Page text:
I've read the blood boiling is a myth. Work is being done on flexible spacesuits that aren't airtight and mainly serve to keep the heat in and to keep the astronaut from swelling up. See Space activity suit and BioSuit.
You need to learn the difference between science and nonsense. Skin is not going to maintain any appreciable pressure in the body. Blood will start boiling in a very short time in a vacuum. The dissolved O2 will bubble out first, followed by the liquid itself. What do you think "swelling up" means? It's the gasses bubbling out of blood and tissues and the liquid boiling.
 Those suits are also nonsense. Keeping the body pressurized by mechanical pressure on the skin isn't remotely practical. There will always be some area that won't have equal pressure being applied by the suit, and you're back to air pressure taking up the slack.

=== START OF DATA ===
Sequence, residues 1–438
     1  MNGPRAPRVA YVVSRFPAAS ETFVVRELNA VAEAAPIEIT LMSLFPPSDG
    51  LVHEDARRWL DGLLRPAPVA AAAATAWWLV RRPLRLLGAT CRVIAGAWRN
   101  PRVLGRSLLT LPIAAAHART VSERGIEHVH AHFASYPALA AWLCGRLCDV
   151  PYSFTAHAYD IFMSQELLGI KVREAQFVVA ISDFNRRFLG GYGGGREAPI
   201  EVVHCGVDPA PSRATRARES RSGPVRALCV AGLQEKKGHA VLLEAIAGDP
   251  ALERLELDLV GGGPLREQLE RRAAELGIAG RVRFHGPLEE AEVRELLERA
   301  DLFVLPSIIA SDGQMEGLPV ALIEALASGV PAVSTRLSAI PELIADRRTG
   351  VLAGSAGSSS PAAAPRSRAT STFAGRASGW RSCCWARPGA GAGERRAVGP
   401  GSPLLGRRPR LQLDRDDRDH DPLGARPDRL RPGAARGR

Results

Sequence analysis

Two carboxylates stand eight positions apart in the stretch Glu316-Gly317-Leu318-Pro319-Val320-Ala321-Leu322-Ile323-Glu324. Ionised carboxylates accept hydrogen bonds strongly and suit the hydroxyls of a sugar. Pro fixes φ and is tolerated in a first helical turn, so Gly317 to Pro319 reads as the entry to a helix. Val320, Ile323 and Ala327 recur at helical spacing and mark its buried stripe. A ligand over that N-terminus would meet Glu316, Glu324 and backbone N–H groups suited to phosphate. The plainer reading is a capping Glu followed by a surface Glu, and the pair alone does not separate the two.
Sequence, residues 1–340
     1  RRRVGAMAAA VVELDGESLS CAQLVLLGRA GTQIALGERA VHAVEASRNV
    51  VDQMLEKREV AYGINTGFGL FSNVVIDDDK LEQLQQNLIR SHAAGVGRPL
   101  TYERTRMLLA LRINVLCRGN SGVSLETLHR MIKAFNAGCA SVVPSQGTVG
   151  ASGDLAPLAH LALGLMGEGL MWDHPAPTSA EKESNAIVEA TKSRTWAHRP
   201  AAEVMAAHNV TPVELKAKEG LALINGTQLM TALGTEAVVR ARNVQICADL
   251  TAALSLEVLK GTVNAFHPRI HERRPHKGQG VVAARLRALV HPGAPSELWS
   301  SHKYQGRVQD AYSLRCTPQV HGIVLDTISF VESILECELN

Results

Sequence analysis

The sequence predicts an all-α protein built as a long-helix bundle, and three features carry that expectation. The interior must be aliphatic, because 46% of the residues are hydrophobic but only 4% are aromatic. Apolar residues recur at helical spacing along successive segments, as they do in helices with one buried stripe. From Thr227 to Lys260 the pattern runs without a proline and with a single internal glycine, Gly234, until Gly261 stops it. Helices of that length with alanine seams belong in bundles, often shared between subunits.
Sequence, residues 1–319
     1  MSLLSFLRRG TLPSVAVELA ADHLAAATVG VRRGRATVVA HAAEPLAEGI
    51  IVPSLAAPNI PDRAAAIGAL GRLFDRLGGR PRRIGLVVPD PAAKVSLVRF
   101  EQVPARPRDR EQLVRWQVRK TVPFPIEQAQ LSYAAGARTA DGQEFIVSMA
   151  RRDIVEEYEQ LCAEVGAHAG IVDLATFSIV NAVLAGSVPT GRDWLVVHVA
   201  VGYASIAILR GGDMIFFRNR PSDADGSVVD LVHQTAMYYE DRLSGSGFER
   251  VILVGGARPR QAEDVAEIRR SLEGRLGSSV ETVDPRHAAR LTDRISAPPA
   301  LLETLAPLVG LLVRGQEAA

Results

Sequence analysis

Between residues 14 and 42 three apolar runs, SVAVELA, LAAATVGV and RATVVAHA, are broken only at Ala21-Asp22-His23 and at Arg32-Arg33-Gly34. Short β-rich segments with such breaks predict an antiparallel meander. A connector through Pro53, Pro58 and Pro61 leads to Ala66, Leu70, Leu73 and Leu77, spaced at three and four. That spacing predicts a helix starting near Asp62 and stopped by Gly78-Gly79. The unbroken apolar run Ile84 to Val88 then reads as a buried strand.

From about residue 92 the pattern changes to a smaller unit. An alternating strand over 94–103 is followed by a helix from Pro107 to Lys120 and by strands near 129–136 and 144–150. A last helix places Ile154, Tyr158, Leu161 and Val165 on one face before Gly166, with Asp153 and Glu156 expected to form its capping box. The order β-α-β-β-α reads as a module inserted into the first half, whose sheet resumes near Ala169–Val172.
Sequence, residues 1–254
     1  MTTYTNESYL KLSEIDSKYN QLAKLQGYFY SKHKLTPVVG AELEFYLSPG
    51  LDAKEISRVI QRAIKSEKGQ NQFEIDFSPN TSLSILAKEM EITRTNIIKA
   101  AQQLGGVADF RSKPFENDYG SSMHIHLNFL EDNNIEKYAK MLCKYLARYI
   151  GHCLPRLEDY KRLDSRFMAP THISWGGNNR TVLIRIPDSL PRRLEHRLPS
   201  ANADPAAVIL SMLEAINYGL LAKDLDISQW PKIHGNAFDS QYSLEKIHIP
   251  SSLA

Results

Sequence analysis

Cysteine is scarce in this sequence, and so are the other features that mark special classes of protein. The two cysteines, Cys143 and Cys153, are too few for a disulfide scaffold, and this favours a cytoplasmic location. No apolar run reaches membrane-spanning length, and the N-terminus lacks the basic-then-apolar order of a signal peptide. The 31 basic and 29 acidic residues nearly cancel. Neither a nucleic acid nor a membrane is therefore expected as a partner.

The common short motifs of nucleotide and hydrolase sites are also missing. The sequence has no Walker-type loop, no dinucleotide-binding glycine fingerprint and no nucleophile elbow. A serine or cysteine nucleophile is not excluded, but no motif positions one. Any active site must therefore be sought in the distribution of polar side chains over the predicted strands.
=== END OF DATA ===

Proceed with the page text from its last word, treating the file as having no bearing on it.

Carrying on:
Personally, I think a mechanical counter pressure suit is quite feasible, so long as some form of conformal mechanical counter pressure system can be comfortably be applied to those regions of the anatomy that would other wise be at risk.

     The solution is surprisingly simple, and I'm rather surprised that no one has thought of it before.  Aerogel padding and padding, cast or formed into those areas that would otherwise require difficult and impractical feats of mechanical design.  Those areas could likewise utilize limited  pressurization, similar in principle to the air bladders found in G suits. Coolant can likewise be laced through the aerogel for comfort, as could a system for 'wicking' away built up moisture as needed.

Just a thought...

Jason
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Offline woods170

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Re: Boeing's CST-100 capsule updates & discussion
« Reply #1204 on: 03/24/2013 01:47 PM »
Nomadd thinks he knows better than MIT, NASA and the medical community.

Heck, even I know that most of what he states about the exposure of a human body to a vacuum is incorrect.